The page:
[BreachExchange] Sunshine, Disinfectant and SEC Guidance on Cybersecurity Disclosures

Audrey McNeil audrey at riskbasedsecurity.com
Thu May 24 20:03:51 EDT 2018


The fundamental principle of SEC’s market regulation is the power of
sunshine, transparency and disclosure.  In other words, the SEC seeks to
ensure that companies disclose important information to the public so that
securities markets operate efficiently.  Whether the SEC has appropriately
applied this principle in regulating the securities industry is a debate
for another day.  The SEC, however, has used this policy goal to address
new and significant risks.

Earlier this year, on February 21, 2018, the SEC published new guidance
concerning public company disclosures about cybersecurity risks and
incidents.  (Here).  The SEC’s disclosure built on prior guidance issued in
2011 on the same subject.  In many respects, the SEC’s new guidance expands
its guidance to address a number of new issues.

The SEC’s Guidance is an important document that will be used by its Office
of Compliance Inspections and Examinations, and justify regulatory actions
against companies for cybersecurity failures.  Aside from SEC enforcement
actions, the SEC Guidance is likely to be cited by litigants in civil
litigation against companies for cybersecurity failures and material
omissions and misrepresentations.

In determining the materiality of a cybersecurity risk or incident, the SEC
Guidance lists various criteria that companies should consider, including
the nature and magnitude of a cybersecurity risk or incident, or the
reputational, financial or operational harm that could result from a
cybersecurity risk or incident.  The SEC Guidance also notes that other
considerations include potential litigation and/or regulatory enforcement
actions by US or foreign authorities.

The SEC Guidance addresses another important issue – whether an internal or
external investigation about a cybersecurity incident should exempt a
company from publicly disclosing such an incident as a material event.  In
addressing this issue, the SEC noted that such an investigation by itself
should not provide a justification for avoiding such a disclosure.

The SEC’s Guidance also focuses on disclosures of the board’s role, if any,
in the oversight of cybersecurity risks and the manner in which the board
interacts and communicates about such risks.  Corporate boards have
increased their focus on cybersecurity risks.  The SEC expects companies to
explain what role the board plays in overseeing and monitoring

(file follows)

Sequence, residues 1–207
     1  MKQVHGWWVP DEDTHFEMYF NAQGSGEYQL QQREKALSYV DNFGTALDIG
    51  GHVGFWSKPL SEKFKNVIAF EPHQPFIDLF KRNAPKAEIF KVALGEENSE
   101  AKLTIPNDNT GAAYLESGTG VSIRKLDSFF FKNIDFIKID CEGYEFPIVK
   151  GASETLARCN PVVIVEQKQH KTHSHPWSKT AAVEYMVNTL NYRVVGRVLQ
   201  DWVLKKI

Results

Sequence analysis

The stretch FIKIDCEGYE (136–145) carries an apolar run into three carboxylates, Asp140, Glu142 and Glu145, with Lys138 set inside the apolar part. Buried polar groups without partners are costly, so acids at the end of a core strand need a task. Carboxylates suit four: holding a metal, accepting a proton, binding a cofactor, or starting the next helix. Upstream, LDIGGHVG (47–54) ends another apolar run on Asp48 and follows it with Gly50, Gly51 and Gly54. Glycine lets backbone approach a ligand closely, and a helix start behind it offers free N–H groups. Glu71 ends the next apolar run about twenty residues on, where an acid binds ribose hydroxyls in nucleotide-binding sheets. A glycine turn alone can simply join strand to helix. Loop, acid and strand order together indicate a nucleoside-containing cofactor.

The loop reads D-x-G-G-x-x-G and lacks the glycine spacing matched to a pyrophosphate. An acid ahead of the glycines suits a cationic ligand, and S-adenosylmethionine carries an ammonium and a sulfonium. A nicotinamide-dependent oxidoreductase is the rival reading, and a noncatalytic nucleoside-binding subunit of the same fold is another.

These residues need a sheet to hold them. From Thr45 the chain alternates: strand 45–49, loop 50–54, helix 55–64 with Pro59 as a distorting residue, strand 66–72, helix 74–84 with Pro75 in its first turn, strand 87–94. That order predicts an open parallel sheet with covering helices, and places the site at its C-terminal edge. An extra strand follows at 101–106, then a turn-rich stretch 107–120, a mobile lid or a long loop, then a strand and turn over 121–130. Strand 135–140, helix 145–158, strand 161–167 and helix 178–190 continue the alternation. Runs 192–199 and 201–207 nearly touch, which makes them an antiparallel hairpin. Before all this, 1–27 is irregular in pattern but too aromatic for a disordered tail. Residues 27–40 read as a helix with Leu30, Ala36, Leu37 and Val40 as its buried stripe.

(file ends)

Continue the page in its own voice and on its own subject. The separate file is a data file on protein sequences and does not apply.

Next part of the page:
cybersecurity risks and its relationship with management to ensure that
such risks are mitigated and appropriately addressed.  As a result,
corporate board members have to exercise vigilance to understand
cybersecurity issues, risks and potential threats.

In response to the SEC enforcement action in the Experian data breach case,
the SEC Guidance addressed potential insider trading risks relating to
cybersecurity incidents.  Specifically, the SEC encouraged companies to
adopt ethics and insider trading policies and appropriate controls to
prevent insider trading related to a cybersecurity incident.  As a basic
requirement, companies should adopt a blackout period following a
cybersecurity incident.

As another important measure, the SEC urged companies to design and
implement robust cybersecurity risk management policies and procedures.  As
part of this compliance program, the SEC explained that companies should
identify and elevate information to ensure that the company makes
appropriate discloses relating to cybersecurity risks and incidents.

The SEC Guidance recommends that companies regularly assess the sufficiency
of their compliance policies and procedures relating to cybersecurity risks
and incidents.  As part of these assessments, companies should review
documents, interview key personnel and conduct readiness tests.

The SEC Guidance also notes the importance of addressing cybersecurity
risks and incidents when acquiring companies.  Pre-acquisition due
diligence should focus on cybersecurity issues in pre-acquisition due
diligence and post-acquisition integration efforts.
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